"It is good to see different places, and meet different people to exchange experiences and views on the world. When you are away from home on a residency like this, you tend to be more focused on your work. I am so grateful for this opportunity."

Swedish playwright Anna Nygren

Anna Nygren – Writer in Residence at the Royal Court 

Dates in London: June 31 – August 20

Where are you based in Gothenburg and does the environment help your writing?

I live in Gårda, which is quite close to the big fairground Liseberg, and also next to a small river. I don’t know if this environment helps me in any particular way, but I like the river, and take walks along it when I need a break from writing. I like the water, it calms me down.

Did your school and university education help you in your career?

I went to a school called Biskops-Arnö, which has a special playwright’s program. That was very good, I learned a lot and I came into contact with some theatres and fellow playwrights. After that I got a master’s degree in literary composition at Linnaeus University. It was there that my professor became very engaged in my work. He also translated one of my plays to Greek, and put me in contact with a Greek director, which finally led to the play being staged in Athens and Thessaloniki. That was a really interesting experience - seeing my play performed but not understanding a word of what the actors said.

How easy is it to become a professional writer in Sweden today? 

That's a hard question to answer. I believe that I haven’t really succeeded: I only work part time as a writer. So in that sense, and from a personal perspective, it’s not especially easy. But that’s not to say it’s impossible. I do, however, think you need to be prepared to live cheaply and work a lot. In other words, make sacrifices for the sake of your art. 

Is it easy to be explicit and open when writing in Sweden?

I think the cultural climate in Sweden is quite open, at least compared to other countries. When writing for theatre, I think the most interesting work happens in the theatre for young audiences – since the 1980s there has been a tradition to make Theatre for Young Audiences (TYA) that is about politically relevant subjects. But then, speaking as one who works in this tradition a lot, and despite Sweden being an open country that allows free speech, it still sometimes feels like there are conservative trends. However, overall, one can write about class differences, sexuality, queer life and feminism without being reprimanded, and there is an ongoing and sometimes heated discussions about racism.  

What are the main themes that run through your writing, and why?

I would say that my favourite topic is “cruel kids” and young femininity. I like to write about girls and their relationships with each other and the rest of the world. I think that being a girl, even in Sweden, is not easy, and I think The Girl, as an existential position, is really interesting. I will also freely admit that I have a dark side within me, and often end up writing about violence and cruelty.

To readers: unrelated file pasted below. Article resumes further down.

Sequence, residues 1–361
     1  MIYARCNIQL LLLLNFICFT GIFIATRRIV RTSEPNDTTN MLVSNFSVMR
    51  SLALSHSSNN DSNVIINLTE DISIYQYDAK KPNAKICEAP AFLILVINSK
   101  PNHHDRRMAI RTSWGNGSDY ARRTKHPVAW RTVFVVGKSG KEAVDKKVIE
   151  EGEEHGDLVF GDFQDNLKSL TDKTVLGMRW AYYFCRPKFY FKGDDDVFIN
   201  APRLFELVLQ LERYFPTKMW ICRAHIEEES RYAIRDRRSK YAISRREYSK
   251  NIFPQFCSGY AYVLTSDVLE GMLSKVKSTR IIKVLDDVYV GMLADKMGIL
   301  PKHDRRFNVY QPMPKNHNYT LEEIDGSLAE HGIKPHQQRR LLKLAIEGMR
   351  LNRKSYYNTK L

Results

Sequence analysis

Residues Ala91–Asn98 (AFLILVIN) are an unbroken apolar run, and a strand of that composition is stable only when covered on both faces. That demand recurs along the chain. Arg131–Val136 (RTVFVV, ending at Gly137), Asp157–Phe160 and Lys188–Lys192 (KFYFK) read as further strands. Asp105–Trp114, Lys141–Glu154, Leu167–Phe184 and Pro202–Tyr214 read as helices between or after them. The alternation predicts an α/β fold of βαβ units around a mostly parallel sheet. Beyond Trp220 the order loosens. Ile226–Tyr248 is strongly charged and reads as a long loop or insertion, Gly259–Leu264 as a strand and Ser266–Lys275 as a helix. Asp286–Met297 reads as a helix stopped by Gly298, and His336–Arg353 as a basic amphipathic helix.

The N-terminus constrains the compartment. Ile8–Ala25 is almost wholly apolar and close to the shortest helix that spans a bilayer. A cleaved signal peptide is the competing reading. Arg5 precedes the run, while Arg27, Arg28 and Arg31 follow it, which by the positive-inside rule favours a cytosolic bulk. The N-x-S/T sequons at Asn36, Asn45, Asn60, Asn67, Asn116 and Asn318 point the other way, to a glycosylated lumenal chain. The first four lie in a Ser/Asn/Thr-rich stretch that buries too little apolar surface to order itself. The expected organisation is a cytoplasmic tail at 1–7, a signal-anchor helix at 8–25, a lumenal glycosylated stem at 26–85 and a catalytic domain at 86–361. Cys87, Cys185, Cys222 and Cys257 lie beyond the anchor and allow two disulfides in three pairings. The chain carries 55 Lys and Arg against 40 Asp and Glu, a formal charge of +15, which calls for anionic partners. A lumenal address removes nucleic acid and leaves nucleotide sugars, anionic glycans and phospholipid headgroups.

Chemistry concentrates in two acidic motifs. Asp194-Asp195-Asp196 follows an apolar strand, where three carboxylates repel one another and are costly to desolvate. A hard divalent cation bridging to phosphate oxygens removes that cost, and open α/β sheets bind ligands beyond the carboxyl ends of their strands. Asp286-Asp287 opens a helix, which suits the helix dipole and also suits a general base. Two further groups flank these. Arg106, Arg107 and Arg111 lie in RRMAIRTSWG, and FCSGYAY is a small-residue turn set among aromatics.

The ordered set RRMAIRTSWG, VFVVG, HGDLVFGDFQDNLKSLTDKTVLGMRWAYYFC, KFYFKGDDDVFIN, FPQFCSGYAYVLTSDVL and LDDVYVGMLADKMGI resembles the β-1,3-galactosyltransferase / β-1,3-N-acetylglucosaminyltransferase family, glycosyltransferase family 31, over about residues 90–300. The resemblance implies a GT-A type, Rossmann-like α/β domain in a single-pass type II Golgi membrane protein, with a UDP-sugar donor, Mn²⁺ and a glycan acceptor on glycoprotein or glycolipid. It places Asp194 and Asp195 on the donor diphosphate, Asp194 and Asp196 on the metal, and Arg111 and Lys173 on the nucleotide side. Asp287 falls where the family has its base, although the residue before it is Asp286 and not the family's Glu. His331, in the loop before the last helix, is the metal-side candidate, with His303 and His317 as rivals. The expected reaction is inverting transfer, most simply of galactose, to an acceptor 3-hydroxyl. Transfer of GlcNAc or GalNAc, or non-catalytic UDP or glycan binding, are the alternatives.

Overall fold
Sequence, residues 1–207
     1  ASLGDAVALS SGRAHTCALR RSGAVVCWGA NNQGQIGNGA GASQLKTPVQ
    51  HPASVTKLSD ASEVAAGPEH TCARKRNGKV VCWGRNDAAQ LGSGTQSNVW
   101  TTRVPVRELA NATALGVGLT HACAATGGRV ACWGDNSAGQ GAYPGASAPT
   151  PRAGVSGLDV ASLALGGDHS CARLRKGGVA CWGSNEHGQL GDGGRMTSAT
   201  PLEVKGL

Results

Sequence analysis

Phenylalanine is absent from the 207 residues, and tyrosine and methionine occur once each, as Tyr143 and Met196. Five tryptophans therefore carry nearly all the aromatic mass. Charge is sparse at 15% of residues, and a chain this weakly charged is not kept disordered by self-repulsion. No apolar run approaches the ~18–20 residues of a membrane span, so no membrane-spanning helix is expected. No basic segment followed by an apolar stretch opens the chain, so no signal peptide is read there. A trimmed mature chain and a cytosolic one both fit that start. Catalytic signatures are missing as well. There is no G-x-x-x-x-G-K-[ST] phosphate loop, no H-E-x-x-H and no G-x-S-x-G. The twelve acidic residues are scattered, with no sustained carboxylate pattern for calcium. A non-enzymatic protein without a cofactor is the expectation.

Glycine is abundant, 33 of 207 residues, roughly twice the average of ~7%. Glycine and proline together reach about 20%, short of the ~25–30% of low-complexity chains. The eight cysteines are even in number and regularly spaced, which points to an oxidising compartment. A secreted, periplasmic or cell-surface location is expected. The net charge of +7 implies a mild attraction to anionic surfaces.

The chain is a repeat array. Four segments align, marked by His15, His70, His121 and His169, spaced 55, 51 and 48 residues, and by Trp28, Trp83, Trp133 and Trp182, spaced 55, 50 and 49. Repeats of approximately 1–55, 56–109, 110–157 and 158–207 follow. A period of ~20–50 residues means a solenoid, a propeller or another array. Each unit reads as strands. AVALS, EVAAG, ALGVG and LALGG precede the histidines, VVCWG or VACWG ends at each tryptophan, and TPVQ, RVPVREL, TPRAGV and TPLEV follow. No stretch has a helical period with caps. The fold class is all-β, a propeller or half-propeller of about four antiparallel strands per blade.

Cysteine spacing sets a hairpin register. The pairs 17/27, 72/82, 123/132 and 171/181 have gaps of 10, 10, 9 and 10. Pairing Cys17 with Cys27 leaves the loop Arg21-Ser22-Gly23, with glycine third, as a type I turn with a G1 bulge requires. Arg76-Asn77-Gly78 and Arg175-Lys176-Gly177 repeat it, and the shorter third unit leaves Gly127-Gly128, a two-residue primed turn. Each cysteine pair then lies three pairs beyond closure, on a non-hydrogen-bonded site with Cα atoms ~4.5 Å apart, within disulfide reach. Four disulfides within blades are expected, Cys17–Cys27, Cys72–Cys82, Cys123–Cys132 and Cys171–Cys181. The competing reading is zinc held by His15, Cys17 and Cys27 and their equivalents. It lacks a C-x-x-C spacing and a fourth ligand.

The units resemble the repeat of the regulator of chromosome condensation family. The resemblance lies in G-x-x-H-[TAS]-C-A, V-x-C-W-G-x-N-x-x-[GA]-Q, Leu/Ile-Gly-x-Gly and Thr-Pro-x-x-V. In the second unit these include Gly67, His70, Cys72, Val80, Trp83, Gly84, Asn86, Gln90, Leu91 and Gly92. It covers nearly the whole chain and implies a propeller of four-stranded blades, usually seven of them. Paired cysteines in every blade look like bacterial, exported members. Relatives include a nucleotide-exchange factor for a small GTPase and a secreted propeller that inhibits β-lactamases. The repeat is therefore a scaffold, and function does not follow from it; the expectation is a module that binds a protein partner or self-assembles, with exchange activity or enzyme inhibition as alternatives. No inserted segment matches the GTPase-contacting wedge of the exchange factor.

When did you find out about your success with the Royal Court Theatre? How did it make you feel, and how will the British experience help you as a professional?

I applied to the International Residency following a recommendation. It took some time until I got the e-mail telling me that I had been accepted. This e-mail arrived during the evening, so I initially thought it was a dream! I woke up several times that night and checked my inbox to see if it really was real. I felt very happy, I still feel happy. Happy and excited. I think it will be really helpful to work with the dramaturges, actors and fellow writers during the weeks in London. I have already started working with the translator, and just reading my own writing in English has been very good for my writing process: I start to see things that I wouldn’t otherwise in the Swedish versions.  

Are arts exchanges and the chance to live and work in other European cities beneficial for young writers?

Yes, I think so. It is good to see different places, and meet different people to exchange experiences and views on the world. Also, I think when you are away from home on a residency like this, you tend to be more focused on your work. I am so grateful for this opportunity to concentrate on my writing for three weeks.

Are you familiar with the British theatre scene, and has it inspired your work in any way? 

I am, of course, a huge fan of writers like Sarah Kane and Harold Pinter. But I’m afraid I am not very familiar with contemporary British theatre and I have not seen many British productions – of course I really look forward to doing that when I am in London. 

How will you use your time in London? 

The program for the residency is arranged so that we will mostly stay in London, apart from one weekend at Hawkwood College in the countryside. We will also see a lot of theatre in London and meet with UK-based writers and theatre workers. 

 

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